Talking Machine World, August 15, 1917, p. 39: "W. M. Knapp, for the past four and a half years manager of Heintzman & Co.'s Victrola department, has gone to Owen Sound, where he will have charge of the National Table Co.'s phonograph branch."

In Roll Back The Years, Edward Moogk (National Library of Canada, 1975) p. 63-64 mentioned: "During 1917...In Owen Sound, the National Table Co. Ltd. began promoting its Knapp phonograph."

The National Table Company of Owen Sound was established about 1898 when W. H. Merritt purchased some land at what would later be known as 1882 3rd Ave. East between the shore and the C.P.R. line, from J. H. McLauchlan. A three-storey factory building was built. It was soon destroyed in a fire, but was re-built. They had another fire on Christmas Day, 1903, and had to re-build again. In 1909, the company had 50 on staff, and produced military desks, solid wood tables, and dining room suites. In 1917, the firm began manufacturing Knapp and later Imperial phonographs. By 1940 their lines includes radios, sewing and television cabinets, but plastics would soon cause competition. W. H. Merritt passed away in 1940, and his son Hamilton Merritt took over as President, with Arthur Moore acting as Manager. The plant eventually closed in 1960. Its site later became the Bayshore Centre (Harry Lumley arena).

The Knapp phonograph was manufactured initially in Owen Sound by the National Table Co. Ltd. from 1917 through mid-1918. By March 1918, it was distributed by the Maestrolian Company Ltd., Ryrie Building, Toronto. By September 1918, it was being manufactured by the Maestrolian Company Ltd.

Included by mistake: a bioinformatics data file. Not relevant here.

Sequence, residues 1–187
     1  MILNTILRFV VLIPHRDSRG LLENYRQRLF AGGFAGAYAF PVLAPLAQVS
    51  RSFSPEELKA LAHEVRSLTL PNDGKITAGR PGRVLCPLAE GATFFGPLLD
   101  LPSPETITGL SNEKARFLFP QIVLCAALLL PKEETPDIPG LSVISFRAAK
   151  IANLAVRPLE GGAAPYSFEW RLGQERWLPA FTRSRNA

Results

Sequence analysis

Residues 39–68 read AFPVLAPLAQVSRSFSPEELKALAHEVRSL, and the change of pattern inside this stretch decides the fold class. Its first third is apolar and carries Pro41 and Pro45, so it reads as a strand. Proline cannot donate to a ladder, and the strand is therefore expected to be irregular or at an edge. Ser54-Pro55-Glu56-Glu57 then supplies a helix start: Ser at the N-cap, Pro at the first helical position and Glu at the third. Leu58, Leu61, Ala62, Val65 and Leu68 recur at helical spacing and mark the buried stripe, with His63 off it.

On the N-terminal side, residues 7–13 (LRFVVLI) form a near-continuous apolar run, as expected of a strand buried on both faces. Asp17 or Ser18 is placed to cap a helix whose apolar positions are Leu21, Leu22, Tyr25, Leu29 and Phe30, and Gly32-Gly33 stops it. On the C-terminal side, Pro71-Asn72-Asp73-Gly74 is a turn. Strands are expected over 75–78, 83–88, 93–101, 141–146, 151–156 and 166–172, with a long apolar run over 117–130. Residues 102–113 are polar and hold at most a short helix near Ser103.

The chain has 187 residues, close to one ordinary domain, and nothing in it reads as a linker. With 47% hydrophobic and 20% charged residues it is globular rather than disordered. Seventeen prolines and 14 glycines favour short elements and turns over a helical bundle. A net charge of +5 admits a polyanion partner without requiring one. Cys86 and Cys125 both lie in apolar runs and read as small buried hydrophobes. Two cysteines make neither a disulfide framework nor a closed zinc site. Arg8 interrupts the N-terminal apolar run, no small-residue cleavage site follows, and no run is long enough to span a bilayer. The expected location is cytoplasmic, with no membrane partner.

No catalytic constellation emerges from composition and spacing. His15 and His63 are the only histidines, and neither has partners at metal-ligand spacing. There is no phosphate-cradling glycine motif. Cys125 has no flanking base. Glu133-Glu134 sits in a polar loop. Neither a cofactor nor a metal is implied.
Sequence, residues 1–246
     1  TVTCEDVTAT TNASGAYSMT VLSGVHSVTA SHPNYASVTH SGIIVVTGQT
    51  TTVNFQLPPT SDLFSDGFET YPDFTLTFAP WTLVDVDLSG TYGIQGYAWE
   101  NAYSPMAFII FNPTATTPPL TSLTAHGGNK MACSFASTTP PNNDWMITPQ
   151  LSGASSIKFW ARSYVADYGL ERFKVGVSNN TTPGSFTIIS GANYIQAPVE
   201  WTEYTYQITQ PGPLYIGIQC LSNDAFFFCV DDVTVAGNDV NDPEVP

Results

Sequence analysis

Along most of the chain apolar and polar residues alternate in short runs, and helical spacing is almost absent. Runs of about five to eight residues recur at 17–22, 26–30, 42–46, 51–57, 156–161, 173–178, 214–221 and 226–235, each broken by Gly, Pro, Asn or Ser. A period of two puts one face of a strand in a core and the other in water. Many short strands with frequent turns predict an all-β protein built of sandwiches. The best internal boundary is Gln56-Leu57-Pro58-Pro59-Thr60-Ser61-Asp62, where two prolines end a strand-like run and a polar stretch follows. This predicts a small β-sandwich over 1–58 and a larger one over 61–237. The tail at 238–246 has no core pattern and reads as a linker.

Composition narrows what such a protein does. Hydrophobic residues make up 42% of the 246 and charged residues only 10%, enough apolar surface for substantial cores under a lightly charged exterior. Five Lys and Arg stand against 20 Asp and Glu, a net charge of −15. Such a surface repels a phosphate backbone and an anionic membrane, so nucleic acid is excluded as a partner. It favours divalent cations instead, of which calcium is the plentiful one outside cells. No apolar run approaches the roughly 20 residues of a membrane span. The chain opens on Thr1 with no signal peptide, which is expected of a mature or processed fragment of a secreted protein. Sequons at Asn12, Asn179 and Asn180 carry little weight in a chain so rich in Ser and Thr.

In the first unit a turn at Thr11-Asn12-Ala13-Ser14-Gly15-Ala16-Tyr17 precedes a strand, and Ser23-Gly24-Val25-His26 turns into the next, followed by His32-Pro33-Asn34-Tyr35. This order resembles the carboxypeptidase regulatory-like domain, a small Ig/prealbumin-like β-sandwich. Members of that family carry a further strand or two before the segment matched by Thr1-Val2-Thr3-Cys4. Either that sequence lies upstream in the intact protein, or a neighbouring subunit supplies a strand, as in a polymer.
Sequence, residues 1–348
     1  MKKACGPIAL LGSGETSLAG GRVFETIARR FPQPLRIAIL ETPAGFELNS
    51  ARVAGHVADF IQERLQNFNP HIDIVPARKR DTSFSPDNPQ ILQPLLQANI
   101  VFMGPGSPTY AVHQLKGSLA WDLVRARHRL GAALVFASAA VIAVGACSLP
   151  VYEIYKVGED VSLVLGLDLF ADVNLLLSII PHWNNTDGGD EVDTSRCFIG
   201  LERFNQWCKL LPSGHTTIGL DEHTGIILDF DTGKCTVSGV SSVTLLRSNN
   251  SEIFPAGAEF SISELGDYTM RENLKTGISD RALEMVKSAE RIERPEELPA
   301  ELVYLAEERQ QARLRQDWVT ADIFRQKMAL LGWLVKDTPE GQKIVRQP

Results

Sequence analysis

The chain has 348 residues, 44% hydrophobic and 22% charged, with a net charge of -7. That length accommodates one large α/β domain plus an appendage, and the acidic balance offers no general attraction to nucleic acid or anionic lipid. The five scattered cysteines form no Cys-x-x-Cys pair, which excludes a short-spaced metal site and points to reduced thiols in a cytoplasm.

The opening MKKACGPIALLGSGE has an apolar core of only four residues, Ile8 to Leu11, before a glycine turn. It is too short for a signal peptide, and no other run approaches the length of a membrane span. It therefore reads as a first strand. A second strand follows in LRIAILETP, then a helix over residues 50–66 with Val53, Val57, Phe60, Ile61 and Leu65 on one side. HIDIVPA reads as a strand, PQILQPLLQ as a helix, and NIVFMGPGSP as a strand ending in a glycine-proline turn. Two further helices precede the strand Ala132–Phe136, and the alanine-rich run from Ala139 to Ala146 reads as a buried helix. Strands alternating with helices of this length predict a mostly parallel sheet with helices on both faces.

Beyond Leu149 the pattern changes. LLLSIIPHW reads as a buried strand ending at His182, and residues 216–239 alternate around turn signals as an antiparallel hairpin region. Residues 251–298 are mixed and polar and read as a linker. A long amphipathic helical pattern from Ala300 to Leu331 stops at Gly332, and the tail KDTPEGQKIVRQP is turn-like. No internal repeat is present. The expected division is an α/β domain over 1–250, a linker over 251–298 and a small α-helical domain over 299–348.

Canadian Furniture World and the Undertaker, September 1918, p. 42: "The Maestrolian Co., Limited A big range of Knapp Phonographs which are manufactured by this company were shown at the [Canadian National] Exhibition [in Toronto]. Special emphasis is placed by this Company on the tone chamber which is made of well-seasoned spruce, the material of which violins are built. The tone arm is universal, enabling all disc records to be played. The machine also has a tone modifier which allows the music to be made soft or loud. The office of this Company is located in Ryrie Bklg., corner Shuter and Yonge Sts., Toronto."

Canadian Music Trades Journal, September, 1917, p. 66 and October, 1917, p. 40.

CMTJ, November, 1917, p. 66 and March, 1918, p. 84.

CMTJ, September, 1918, p. 78.

Canadian Furniture World and the Undertaker, October, 1918, p. 33. Model R.

Canadian Furniture World and the Undertaker, October, 1918, p. 40. Model N.

A Knapp upright phonograph in New Westminster, B.C for sale in 2023 on Facebook Marketplace, supplied by Lance Husoy.

A Knapp tabletop phonograph Type M.

Blain McCutchen contributes the following small 'catalogue' from late 1918.

As the document mentions, the Maestrolian company had offices in the 'New Ryrie Building' at the corner of Shuter and Yonge Streets in Toronto. That gave me a great excuse to photograph the wonderful building that was still there in November, 2008. The Government of Ontario Archives has the following to say:

"Ryrie Building, 229 Yonge St., 1891; additions and alterations by Burke, Horwood & White, 1913-14; ground floor and basement remodelled for Muirhead's Grille and Cafeteria, Norman A. Armstrong, 1934. The Ryrie Brothers owned the most prestigious jewellery business in Toronto at the time this office building was re-modelled out of two existing structures by Burke, Horwood & White in 1913. While the Ryries had their retail business down the street in "Diamond Hall" located at Yonge and Adelaide streets, this building at the corner of Shuter Street was an investment property. The Ryrie name survives in the Ryrie Building, but no longer in the jewellery business.

"Ryrie Brothers amalgamated with Montreal jewellers Henry Birks & Son following the death of one of the three Ryrie brothers in 1917, and later in the 1930s another Toronto jeweller joined the company to form Ryrie-Birks-Ellis. For many years since however, the firm has been simply known as Birks.

"The Ryrie Building is a square, conservative structure, most notable for its varied fenestration, the arrangement and design of its windows and doors. There are trios of sash-windows at the top, a double-height arcade in the middle, and at the bottom the walls are virtually all glass."

Photos by KW--fall 2008: